The Biden administration has unveiled a series of measures aimed at curbing an anticipated surge in migrant arrivals at the U.S. southern border when a COVID-19-era health policy that barred entry to millions expires in less than two weeks.
The measures were unveiled Thursday during a joint press conference of the Departments of State and Homeland Security in Washington, D.C., ahead of Title 42’s expiration on May 11.
Instituted in March of 2020 by the Centers for Disease Control and Prevention under the previous Trump administration, Title 42 has been used as of last month to rapidly expel more than 2.8 million migrants and asylum seekers, according to U.S. Customs and Border Protection data.
After its expiration, the Biden administration will return to processing all migrants under Title 8 immigration authorities of the U.S. code, and officials are warning those who may attempt the dangerous journey north that this does not mean they will be allowed to enter the United States.
“We do expect that encounters at our southern border will [be] increasing, as smugglers are seeking to take advantage of this change and already are hard at work spreading disinformation that the border will be open after that,” Homeland Security Secretary Alejandro Mayorkas told reporters in a press conference.
However, he added that they have been “preparing for this transition for more than a year and a half.”
Mayorkas was quick to warn that unlike Title 42, which permits immediate removals, those migrants processed under Title 8 who are found inadmissible due to irregular immigration face stiffer consequences, such as a five-year re-entry ban and potential criminal prosecution for repeated attempts to cross the border.
“The return to processing migrants under Title 8 authorities will be swift and immediate,” he said.
“Let me be clear: Our border is not open and will not be open after May 11th.”
In anticipation of the surge, the Biden administration official unveiled measures that include creating additional pathways for legal entry to the United States and stricter consequences for failure to use them.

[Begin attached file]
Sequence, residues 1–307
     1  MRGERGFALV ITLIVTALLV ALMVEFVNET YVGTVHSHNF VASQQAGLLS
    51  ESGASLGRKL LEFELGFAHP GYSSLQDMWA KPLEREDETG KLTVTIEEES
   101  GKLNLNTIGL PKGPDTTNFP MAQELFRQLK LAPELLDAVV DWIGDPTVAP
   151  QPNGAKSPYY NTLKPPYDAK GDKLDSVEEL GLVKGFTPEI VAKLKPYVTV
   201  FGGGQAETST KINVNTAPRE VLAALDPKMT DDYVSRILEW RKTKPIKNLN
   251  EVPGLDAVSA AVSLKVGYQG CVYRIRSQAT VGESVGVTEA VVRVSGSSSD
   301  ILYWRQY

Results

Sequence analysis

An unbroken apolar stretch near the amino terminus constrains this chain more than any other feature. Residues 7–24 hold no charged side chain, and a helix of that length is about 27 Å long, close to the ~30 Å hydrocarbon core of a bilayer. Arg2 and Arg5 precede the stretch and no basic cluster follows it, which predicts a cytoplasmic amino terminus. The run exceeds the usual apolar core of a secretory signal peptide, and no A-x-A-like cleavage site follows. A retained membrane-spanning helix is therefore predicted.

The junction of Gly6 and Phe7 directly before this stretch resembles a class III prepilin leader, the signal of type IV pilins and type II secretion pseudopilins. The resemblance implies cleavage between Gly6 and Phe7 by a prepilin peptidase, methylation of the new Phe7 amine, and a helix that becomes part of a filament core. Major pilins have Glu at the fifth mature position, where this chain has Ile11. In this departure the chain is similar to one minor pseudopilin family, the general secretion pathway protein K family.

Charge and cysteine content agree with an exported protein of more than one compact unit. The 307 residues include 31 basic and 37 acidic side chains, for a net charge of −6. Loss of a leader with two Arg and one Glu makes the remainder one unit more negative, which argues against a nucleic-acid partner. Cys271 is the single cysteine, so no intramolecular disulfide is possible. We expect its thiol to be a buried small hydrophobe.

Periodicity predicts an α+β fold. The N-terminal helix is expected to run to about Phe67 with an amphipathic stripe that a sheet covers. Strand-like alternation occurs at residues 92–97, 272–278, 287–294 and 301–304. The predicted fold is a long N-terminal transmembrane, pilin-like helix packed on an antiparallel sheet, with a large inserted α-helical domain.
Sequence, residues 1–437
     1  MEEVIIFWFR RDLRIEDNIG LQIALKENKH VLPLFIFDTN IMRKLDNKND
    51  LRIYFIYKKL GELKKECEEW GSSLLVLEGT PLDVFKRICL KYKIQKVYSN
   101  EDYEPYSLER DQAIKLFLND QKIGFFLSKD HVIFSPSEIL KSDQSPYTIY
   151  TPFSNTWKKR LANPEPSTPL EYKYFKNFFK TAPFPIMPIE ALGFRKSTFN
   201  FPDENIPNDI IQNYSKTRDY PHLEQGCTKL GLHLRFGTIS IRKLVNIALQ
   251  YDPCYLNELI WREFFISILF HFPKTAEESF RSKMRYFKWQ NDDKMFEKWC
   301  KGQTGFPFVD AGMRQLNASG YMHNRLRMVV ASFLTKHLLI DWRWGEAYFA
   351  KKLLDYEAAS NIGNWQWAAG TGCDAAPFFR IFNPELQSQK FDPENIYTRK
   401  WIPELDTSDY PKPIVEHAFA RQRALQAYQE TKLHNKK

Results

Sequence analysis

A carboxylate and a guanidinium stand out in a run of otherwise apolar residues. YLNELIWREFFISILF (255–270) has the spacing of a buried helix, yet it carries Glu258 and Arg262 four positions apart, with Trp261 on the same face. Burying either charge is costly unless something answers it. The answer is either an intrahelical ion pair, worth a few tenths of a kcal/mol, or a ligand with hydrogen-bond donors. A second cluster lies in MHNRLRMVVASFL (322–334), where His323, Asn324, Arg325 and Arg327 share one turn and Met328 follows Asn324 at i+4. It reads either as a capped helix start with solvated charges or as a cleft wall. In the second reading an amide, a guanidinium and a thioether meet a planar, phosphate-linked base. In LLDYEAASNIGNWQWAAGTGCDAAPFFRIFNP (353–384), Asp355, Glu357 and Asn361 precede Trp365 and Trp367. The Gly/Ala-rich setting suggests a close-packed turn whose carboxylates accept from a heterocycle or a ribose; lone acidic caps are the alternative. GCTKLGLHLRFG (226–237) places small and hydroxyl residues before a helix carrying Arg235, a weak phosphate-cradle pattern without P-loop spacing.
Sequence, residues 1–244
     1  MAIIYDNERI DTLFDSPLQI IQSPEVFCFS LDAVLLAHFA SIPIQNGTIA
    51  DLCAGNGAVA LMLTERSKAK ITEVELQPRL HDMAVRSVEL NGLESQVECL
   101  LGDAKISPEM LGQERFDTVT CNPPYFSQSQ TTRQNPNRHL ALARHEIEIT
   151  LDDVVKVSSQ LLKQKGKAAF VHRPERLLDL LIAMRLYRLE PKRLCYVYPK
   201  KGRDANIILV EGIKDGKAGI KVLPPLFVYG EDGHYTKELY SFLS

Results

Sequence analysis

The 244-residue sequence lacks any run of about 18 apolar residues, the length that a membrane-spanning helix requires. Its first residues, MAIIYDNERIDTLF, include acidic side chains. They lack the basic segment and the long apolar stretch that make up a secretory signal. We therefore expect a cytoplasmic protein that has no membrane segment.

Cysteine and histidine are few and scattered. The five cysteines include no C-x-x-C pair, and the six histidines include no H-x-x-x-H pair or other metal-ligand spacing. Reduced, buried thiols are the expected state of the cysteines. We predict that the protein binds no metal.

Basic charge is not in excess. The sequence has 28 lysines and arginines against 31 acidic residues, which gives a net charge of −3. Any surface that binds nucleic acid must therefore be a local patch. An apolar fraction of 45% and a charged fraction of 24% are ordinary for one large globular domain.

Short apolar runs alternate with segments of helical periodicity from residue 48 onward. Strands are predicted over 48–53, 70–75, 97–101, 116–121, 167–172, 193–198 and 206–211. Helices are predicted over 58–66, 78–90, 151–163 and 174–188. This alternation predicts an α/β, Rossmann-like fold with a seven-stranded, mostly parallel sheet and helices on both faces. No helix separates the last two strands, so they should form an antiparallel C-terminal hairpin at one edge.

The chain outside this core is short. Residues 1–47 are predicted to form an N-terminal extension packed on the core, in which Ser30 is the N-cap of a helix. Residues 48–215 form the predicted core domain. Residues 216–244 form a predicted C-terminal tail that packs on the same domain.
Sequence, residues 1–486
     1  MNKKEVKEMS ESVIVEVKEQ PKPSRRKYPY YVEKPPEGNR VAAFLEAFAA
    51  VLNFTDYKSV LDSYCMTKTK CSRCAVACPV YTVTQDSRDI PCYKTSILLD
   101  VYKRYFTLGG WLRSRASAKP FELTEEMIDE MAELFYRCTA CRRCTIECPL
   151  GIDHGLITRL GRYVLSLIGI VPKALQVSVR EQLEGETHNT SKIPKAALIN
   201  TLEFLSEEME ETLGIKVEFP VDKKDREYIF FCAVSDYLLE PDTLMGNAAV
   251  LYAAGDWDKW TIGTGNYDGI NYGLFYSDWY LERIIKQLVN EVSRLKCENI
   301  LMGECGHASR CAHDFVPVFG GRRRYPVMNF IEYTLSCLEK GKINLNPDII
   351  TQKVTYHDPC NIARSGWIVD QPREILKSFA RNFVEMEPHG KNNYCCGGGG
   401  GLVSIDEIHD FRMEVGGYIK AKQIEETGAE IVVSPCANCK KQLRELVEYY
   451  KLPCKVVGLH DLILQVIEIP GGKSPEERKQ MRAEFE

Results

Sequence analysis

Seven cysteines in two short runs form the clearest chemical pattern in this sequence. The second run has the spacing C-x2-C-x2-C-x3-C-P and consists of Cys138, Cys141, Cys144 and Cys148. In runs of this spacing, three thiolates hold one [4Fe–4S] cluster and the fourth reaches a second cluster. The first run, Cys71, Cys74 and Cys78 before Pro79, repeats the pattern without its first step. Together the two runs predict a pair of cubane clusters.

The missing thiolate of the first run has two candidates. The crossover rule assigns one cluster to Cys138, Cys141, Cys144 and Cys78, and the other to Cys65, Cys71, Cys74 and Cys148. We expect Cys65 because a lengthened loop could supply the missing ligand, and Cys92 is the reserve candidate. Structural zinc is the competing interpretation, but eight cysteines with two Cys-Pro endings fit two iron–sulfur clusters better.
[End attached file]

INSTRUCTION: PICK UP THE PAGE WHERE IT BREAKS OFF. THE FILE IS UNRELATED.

The biggest change announced Thursday is the creation of so-called Regional Processing Centers that will be erected within the borders of Western Hemisphere partners, including Guatemala, El Salvador, Honduras and Colombia.
“The United States will use Regional Processing Centers to expedite prescreening of individuals for lawful pathways to the United States,” a senior Biden administration official told reporters during a background call on the Thursday announcement.
The centers will screen migrants and those eligible will be referred for refugee resettlement or other lawful pathways, including parole programs, to enter the United States, while also providing information on “local options,” the official said, adding that Canada and Spain have also shown interest in accepting referrals from the processing centers.
Mayorkas described the centers during the press conference as an attempt to cut smugglers out of the immigration process, which he said is important as they have witnessed a rise in smuggling organizations over the last decade.
“The whole model is to reach the people where they are, to cut the smugglers out and to have them avoid the perilous journey that too many do not make,” he said.
To work in conjunction with that mission, Panama, Colombia and the United States launched a 60-day law enforcement campaign on April 20 to disrupt criminal smuggling networks.
The United States will also be increasing the removals of those who do not have a lawful reason to be in the country. According to U.S. officials, migrants who cross the border without authorization and who fail to secure protection should expect to face a five-year entry ban.
Among the entry pathways created Thursday include a new family reunification parole process for El Salvador, Guatemala, Honduras and Colombia as well as the doubling of the number of refugees to be accepted in the United States from Western Hemisphere countries.
“We are building lawful pathways for people to come to the United States without resorting to the smugglers,” Mayorkas said. “At the same time, we are imposing consequences on those who do not use those pathways and instead irregularly migrate to our southern border.”
The announcement comes as the Biden administration has been dogged by Republican criticism over migrants attempting the enter the country via the southern border. It has also received criticism from immigration and human rights advocates over efforts to keep Title 42 in place, with its expiration being court-ordered.
It also comes after the White House in late February proposed a new immigration rule that will assume inadmissible any migrant who attempts to enter the United States irregularly.
Human Rights First on Thursday said it welcomes the Biden administration’s plans for expanded resettlement and family reunification parol while calling on it to abandon the planned rule it called an asylum ban.
“The Biden administration is rightly expanding refugee resettlement from the Americas, an overdue step towards addressing a long-standing gap for people in need of international protection,” Eleanor Acer, senior director of refugee protection at Human Rights First, said in a statement.
“This initiative should swiftly bring refugees to safety and not be used to reduce the resettlement of refugees from other regions. The Biden administration should focus on measures like increasing refugee resettlement and regular pathways and abandon its plan to impose an asylum ban that would be a legal, moral and political mistake.”
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